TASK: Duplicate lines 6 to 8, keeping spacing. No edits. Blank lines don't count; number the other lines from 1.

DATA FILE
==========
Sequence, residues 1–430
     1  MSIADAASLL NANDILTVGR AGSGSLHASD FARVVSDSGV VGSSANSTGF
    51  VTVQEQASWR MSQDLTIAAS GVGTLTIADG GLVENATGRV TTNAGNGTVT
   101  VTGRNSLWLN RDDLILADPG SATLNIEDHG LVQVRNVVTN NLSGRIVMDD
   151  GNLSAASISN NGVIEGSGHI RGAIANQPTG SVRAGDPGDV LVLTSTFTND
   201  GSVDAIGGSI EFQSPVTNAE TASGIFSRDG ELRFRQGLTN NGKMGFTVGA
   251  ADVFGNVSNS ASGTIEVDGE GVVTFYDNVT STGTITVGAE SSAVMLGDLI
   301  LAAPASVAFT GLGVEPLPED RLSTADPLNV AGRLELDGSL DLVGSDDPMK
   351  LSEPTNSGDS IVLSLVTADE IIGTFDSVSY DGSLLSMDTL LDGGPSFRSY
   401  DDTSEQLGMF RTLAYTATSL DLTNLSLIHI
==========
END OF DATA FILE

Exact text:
   201  GSVDAIGGSI EFQSPVTNAE TASGIFSRDG ELRFRQGLTN NGKMGFTVGA
   251  ADVFGNVSNS ASGTIEVDGE GVVTFYDNVT STGTITVGAE SSAVMLGDLI
   301  LAAPASVAFT GLGVEPLPED RLSTADPLNV AGRLELDGSL DLVGSDDPMK